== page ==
The highlight of this album is her version of “Proserpina” which was written by Martha’s late mother Kate McGarrigle who herself was a famous Canadian folk music singer. Having recently become a mother herself, hearing Martha sing her own Mother’s song as a tribute is one of the most emotional things I’ve ever heard. It is hard not to be moved by the hurt and the yearn bleeding all over the track. Lyrically, the song is in the traditional folk story vein but the emotional delivery given by Martha showcases the pain of her loss and also her struggles with the joy of her own journey into Motherhood. It is a very beautiful song and for me sums up the talent of Martha Wainwright.

“Come Home To Mama” is beautiful music and you all need to own this record.

10 Cassette tapes out of 10

Review: “Noctourniquet” by The Mars Volta



When I muse on what The Mars Volta offer the world I start to think that they should honestly be my favourite band. Don’t get me wrong I am a massive fan and have been since day one. I still remember freaking out on their debut album “De-Loused In The Comatorium” when it was released in 2003 and I would show everyone I knew but not a lot of people seemed to get just what a special band they were. I remember reading on the internet, post ATDI break-up, just how bold and intense Omar and Cedric planned to make their new project. This excited me quite a bit because I was already turned on by how progressive and forward thinking ATDI was.

Fast forward to 2012 and after following the band religiously since their inception I have watched the band get more progressive, weirder and take there place in the rock landscape as one of the most interesting and vital bands of the 21st Century. Add into this the amazing solo work from Omar and you have a collective that is committed to the progression of the rock n roll language. Thank fuck I always think to myself.

So nine years after their debut album, what does The Mars Volta have to say in 2012? Well quite a lot actually and it was with great pleasure that I heard them apply the year zero theory to their sound and in an attempt to evolve they have taken the sound back to basics. The real joy of “Noctourniquet” is of how it reminds me of their debut album, not in sound but in spirit.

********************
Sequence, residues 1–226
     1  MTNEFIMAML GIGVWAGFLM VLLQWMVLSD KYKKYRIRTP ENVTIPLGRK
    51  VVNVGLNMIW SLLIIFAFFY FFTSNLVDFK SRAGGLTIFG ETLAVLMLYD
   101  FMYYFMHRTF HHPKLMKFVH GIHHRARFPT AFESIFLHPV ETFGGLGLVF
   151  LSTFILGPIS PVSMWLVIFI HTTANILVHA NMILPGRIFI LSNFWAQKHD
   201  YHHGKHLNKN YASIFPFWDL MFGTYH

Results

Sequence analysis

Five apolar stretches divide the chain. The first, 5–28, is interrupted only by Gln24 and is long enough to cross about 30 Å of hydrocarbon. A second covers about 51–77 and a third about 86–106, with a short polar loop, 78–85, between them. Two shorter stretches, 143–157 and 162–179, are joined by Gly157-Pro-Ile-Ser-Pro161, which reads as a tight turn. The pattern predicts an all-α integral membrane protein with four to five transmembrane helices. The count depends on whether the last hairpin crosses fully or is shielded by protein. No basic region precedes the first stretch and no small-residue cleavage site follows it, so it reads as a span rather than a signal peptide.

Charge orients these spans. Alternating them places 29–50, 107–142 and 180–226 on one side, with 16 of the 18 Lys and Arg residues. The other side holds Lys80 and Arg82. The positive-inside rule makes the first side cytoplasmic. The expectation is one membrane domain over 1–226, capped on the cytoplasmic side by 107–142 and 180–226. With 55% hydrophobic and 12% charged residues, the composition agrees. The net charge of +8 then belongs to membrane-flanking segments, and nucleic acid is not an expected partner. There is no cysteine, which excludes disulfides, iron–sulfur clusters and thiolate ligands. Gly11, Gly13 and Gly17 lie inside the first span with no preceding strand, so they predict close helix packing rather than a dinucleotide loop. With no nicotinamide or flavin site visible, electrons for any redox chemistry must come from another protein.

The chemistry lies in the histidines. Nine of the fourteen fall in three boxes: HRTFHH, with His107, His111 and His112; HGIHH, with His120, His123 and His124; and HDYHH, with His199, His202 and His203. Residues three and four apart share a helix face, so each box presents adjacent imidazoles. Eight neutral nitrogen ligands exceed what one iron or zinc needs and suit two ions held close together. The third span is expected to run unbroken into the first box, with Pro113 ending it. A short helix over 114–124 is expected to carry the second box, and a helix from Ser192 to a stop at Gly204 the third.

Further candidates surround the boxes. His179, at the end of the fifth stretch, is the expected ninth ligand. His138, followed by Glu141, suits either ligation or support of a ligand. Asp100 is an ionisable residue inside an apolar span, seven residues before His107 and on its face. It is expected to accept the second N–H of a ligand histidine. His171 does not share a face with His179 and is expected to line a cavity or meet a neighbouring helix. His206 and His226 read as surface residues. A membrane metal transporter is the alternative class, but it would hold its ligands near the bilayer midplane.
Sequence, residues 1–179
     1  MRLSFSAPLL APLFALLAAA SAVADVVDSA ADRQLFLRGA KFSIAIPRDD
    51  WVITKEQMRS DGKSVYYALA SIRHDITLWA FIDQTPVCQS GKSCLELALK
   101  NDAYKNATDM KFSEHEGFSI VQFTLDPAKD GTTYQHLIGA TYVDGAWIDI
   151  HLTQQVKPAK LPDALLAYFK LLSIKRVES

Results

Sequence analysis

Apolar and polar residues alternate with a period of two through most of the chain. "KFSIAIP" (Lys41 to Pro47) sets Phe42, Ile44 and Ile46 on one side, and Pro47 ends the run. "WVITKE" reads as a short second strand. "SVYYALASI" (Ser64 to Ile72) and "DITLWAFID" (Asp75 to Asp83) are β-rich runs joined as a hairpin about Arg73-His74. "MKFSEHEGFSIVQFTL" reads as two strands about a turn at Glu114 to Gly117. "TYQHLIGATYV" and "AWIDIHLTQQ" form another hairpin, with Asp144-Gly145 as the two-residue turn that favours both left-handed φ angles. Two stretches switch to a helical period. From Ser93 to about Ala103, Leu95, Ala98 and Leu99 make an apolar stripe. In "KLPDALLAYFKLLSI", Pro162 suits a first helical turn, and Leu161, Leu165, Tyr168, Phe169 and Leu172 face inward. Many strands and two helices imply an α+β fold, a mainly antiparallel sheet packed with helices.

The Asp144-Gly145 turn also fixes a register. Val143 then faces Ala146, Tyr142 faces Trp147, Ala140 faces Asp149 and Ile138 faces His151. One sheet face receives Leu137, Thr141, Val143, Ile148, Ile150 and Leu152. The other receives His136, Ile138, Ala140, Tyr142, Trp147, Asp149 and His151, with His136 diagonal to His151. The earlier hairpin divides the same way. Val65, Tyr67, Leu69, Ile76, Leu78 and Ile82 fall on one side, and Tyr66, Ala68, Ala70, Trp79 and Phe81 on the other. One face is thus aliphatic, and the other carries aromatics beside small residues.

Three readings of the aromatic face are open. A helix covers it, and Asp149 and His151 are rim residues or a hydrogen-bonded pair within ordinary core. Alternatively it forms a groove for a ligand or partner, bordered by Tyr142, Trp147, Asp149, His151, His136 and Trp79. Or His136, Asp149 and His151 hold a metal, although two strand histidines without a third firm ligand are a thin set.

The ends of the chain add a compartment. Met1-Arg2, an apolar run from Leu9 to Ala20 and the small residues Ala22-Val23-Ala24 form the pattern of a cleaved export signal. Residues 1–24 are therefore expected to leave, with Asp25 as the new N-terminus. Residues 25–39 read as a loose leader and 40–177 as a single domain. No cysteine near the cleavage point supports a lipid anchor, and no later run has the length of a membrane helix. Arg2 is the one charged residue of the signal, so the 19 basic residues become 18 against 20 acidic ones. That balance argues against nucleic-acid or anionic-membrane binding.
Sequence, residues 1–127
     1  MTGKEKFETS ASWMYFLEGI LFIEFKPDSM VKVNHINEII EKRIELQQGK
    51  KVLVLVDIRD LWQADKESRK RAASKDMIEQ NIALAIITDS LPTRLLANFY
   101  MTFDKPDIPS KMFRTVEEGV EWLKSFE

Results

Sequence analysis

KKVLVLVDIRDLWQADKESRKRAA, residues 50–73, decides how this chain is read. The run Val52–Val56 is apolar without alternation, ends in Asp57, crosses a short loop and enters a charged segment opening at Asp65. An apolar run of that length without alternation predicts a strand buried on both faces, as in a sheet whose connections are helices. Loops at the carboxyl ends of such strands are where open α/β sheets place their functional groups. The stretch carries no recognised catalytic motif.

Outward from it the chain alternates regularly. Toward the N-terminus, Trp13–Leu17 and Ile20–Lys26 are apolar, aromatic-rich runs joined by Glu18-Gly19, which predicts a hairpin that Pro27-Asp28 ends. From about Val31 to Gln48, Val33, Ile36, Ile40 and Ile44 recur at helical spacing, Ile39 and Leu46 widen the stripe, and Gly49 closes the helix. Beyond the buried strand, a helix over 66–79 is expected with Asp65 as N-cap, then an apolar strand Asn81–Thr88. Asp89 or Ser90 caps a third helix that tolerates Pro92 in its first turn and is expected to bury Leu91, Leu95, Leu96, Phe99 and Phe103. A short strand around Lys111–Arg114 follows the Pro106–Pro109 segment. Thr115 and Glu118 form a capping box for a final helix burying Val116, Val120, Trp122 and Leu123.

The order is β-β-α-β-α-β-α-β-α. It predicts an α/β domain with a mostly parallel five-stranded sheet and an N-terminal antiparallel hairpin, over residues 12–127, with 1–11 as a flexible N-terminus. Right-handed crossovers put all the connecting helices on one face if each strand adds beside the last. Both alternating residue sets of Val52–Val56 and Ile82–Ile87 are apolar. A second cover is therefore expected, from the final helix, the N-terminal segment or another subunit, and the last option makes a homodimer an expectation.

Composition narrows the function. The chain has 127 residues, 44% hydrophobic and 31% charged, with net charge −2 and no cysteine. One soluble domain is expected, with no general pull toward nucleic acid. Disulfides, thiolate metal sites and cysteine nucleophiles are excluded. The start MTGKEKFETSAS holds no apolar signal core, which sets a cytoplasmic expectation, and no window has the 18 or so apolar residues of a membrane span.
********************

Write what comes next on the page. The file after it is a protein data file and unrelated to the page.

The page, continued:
“Noctourniquet” is not full of horns or jazzy passages and is at its core a very simple collection of rock music. The album is heavy on electronics which help give some new dynamics to the Mars Volta sound. Overall the lack of horns gives the sound a new urgency. “Noctourniquet” is a disciple of the less is more theory and by adopting this discipline the band has given themselves more room to breathe and have steered the sound into the new decade. The sonic weight loss will only help the band build on their language moving into the next ten years of their career.

This is also the first time in a while that I’ve felt emotionally attached to a Mars Volta record. The melodic structure and lyrics of this movement of music almost feel like love songs to my ears. I haven’t been this moved, emotionally, by a Mars Volta record since “Frances The Mute” and it is nice to see emotion favoured over science.

I had low expectations for this album, which is how I’ve attacked each Mars Volta album since “Amputecture” and although we’ve had some great music offered to us since that point, “Noctourniquet” is the first time I’ve had my expectations met and exceeded. It is an incredibly strong album and great way to start the new decade for rock n roll’s most progressive band.

The Mars Volta is future punk.

10 Cassette tapes out of 10

Review: “Between The Times and The Tides” by Lee Ranaldo



Every asshole music journalist with a healthy knowledge of clichés is always going to refer to Lee Ranaldo as the “George Harrison” of Sonic Youth. I had read this many times over the years and although I acknowledged it myself it wasn’t until the release of Lee’s amazing solo debut “Between The Times and the Tides” that I fully believed. Lee Ranaldo was the dark horse of Sonic Youth and he should have sung more of the songs in Sonic Youth.